Water management is key to keeping ULSD storage systems running smoothly. Anyone who owns an underground fuel storage system knows that keeping water out of that system is of the utmost importance. This is especially true in ULSD storage systems. Because ULSD is a bio-fuel, it is highly susceptible to damage from bacteria which feed on the organic compounds found within the fuel, causing a myriad of problems.
Problems Caused by Water in ULSD Storage Systems
When water contamination of ULSD storage systems occurs, it impacts more than just the storage system. When ULSD is contaminated by water it leads to decreased vehicle performance and an increase in sludge accumulation in the bottom of tanks. In addition to these factors, any salts in the water can cause degradation of the fuel chemical structure itself, degrading the ULSD into components that are potentially damaging to the storage system itself. This, in turn, can lead to ground water contamination due to leakage and a costly clean up job. On it’s own, water is a major problem in fuel storage systems. In ULSD strorage systems, water contamination is only the first part of the problem. Water is like a floating petri dish in ULSD storage systems. In fact, lest than one-quarter of an inch of water can promote microbial growth. These microbes live in the space where the fuel and water meet, feeding on the organic compounds found within ULSD.
Maintenance Issues Associated with Microbial Buildup
- Plugged Filters
- Pump and Injector Trouble
- Water Monitor Malfunction
- Sludge Accumulation Within the Tank Itself.
Symptoms of ULSD Water Contamination
Normally, dispenser flow reduction of 50 percent indicates a need for filter replacement, however dispenser flow reduction coupled with persistent filter problems can be a sign of a systemic storage system problem rather than a lack of timely or correct maintenance procedures.
Major Signs of Fuel and/or Storage System Issues:
- Clogged Fuel Lines
- Inconsistent Gauge Readings
- Sulfurous Odor
- Consistent Failure of Valves, Rubber Seals, Hoses, and the Like
Types of ULSD Contamination Caused by Water
One of the easiest ways to determine if your ULSD storage system has a contamination issue is to examine the contents of a clogged fuel filter. To do this, simply cut open the filter. The two major types of contaminants caused by water infiltration into the ULSD storage system are solid or semi-solid and microbial. Both of these can be detected via the naked eye.
Symptoms of Solid or Semi-Solid Contamination
- Corrosion: Rough, gritty red to orange metal “silt”
- Degraded Fuel: Black or brown particulates
Symptoms of Microbial Contamination
- Sulfurous smell in the fuel or the filter
- Tank bottom sample presenting an inversion rag layer
- Corroded metal filter components
- Filter covering is not uniform
- Leopard spotted water coalescing filter
Preventing Microbial Growth in ULSD Systems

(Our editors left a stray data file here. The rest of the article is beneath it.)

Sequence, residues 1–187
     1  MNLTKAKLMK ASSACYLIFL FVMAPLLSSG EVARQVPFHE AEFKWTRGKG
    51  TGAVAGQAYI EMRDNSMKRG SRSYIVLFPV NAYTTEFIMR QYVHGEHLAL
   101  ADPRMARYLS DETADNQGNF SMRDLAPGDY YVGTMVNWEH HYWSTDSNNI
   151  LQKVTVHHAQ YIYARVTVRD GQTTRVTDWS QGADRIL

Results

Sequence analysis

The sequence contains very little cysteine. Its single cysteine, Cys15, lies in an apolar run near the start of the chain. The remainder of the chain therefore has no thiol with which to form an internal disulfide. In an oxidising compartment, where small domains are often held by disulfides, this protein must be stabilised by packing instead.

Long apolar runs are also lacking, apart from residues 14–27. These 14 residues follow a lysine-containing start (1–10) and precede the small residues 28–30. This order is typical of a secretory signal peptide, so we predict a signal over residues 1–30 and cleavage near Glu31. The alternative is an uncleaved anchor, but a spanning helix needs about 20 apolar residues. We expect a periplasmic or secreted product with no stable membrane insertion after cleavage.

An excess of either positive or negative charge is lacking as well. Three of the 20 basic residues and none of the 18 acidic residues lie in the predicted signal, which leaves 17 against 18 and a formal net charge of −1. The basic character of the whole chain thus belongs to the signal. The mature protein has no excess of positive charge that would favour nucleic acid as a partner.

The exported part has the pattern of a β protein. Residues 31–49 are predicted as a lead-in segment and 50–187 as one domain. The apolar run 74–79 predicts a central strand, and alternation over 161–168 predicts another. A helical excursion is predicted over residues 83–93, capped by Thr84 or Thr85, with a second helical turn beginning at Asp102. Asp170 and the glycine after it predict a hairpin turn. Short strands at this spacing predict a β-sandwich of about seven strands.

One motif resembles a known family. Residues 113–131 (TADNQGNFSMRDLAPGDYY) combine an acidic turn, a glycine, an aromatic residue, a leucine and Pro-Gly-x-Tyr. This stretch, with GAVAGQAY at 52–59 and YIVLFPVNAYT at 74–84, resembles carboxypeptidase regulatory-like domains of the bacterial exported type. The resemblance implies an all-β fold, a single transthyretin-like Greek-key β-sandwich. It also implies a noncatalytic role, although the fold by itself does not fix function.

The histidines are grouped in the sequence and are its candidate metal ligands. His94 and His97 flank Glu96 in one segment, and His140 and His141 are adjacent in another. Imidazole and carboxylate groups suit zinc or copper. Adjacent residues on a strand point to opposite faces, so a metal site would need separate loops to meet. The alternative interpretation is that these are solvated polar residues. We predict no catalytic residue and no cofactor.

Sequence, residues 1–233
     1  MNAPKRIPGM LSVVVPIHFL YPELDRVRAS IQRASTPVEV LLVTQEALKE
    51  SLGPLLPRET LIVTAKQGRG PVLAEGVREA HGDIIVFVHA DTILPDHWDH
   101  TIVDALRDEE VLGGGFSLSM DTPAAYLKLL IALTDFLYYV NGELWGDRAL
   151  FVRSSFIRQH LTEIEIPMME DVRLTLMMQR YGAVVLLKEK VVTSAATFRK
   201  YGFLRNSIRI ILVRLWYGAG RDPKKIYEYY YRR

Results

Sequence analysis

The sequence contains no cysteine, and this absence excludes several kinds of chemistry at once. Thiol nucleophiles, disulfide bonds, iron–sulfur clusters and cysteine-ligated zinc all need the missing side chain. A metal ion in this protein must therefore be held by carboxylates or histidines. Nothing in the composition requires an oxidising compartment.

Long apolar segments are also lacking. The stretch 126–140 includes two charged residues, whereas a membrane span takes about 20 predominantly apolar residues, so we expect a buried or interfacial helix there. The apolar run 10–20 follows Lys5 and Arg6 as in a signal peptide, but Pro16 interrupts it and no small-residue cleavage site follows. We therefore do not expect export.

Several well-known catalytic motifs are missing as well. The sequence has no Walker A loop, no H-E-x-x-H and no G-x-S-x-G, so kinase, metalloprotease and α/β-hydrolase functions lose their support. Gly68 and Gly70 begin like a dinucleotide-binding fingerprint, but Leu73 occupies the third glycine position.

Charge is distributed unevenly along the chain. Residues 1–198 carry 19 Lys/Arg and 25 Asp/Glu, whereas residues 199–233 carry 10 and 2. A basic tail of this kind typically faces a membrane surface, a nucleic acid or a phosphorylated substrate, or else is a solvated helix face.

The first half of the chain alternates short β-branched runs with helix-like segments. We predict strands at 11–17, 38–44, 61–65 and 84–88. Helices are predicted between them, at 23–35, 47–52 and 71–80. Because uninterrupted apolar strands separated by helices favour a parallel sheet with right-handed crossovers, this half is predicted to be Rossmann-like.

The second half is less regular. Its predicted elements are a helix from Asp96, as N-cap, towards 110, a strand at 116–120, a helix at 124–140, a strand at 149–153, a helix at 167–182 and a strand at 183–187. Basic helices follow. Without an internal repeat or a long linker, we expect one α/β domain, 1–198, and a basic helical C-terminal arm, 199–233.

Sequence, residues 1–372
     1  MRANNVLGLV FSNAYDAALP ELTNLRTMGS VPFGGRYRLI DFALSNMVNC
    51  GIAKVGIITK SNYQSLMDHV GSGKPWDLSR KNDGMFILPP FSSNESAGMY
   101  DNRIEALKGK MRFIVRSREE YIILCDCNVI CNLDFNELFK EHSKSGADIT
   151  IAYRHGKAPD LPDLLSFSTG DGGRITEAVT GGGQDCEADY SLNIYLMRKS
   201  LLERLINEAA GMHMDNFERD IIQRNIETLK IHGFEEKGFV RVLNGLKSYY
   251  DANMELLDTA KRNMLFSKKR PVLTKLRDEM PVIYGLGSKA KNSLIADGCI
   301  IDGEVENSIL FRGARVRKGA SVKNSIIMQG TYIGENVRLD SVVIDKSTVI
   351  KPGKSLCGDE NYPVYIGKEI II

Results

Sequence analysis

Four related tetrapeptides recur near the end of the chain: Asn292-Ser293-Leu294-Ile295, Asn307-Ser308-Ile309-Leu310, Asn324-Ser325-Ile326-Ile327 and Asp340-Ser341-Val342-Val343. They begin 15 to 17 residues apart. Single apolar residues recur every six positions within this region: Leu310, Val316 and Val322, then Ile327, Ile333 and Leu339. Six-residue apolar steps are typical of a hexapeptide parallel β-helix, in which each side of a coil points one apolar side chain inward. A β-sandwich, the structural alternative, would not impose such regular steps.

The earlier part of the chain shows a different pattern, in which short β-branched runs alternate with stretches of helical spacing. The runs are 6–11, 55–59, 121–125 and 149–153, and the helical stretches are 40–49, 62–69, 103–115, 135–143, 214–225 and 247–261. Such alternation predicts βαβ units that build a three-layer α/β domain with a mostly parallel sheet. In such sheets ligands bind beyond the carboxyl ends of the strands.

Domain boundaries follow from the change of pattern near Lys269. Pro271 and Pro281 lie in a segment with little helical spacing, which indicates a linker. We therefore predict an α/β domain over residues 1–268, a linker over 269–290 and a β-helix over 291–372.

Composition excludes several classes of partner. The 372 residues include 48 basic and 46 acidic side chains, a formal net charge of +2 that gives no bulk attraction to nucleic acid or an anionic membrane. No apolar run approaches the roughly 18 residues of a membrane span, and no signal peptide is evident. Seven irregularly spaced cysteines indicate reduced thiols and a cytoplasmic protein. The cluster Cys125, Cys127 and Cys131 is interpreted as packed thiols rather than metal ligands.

- Watch for increased fuel times
- Remove detected water in excess of one inch immediately
- Check tanks every four to six months for microbial growth and treat with an EPA approved biocide
- Periodically contract examination and maintenance of tank interior
ULSD Fuel Delivery and System Management
Proper fuel delivery and system management is key to keeping your ULSD storage system running smoothly and efficiently and to reduce the likelihood of water contamination of the system. A few simple can help ensure that your system runs optimally.
ULSD Delivery and System Management Recommendations
- Nominal 5 micron filter installation on dispensers
- Gauge and check for water in all storage tanks, removing water which exceeds one inch before and after normal operation hours
- Gauge all tanks, checking for water before and after delivery of fuel
- After delivery, ensure fill and gauge caps are tight and stick tank a second time after it has settled out
- If fuel has been delivered overnight, check gauge caps and storage tank water levels
- Inspect tanks, piping, valves, pumps, meters, and dispensers daily for any leaks or other damages
- Test all fuel tanks a minimum of once per month and conduct extended quarterly analysis of the system when fuel is not consumed within 90 days
Monitoring for and Managing Water Contamination in ULSD Systems
How Water can Infiltrate Storage Tanks
- Condensation due to high humidity in the air and wide variation in fuel temperature
- Transportation of fuel from the refinery to the storage system
- Leakage due to damaged fill pipes, vents, spill buckets, or fill cap gaskets and fittings or plugs that have become loose
- Accidental drainage of spill buckets back into the storage tank
- High output in fuel distribution and delivery infrastructure resulting in insufficient time for water to settle out of the fuel
- Water runoff from storms
Checking ULSD Systems for Water
ATG systems are best for monitoring the amount of water in a ULSD system, provided the sensors are properly maintained. Often, it’s suggested that manual tank gauge readings be compared to ATG readings, as differences in these readings can be indicative of water in the system.
Basic Water Sampling Guidelines
- Take fuel samples from the low end of the tank whenever possible
- Do not take samples from the fill tube if it can be avoided.
- Take samples from under the submersible turbine pump if possible
- Take multiple samples in varying tank locations
- In cold weather, use a field detection kit if the fuel appears waxy or hazy
Prevention of Water Infiltration
- Ensure that all ULSD storage system openings are sealed and maintained
- Remove and dispose of any debris or water around tank openings before accessing the tank
- Minimize water entry with cap and screen vents, regulations permitting
- Use manufacturer’s recommendations for suctioning levels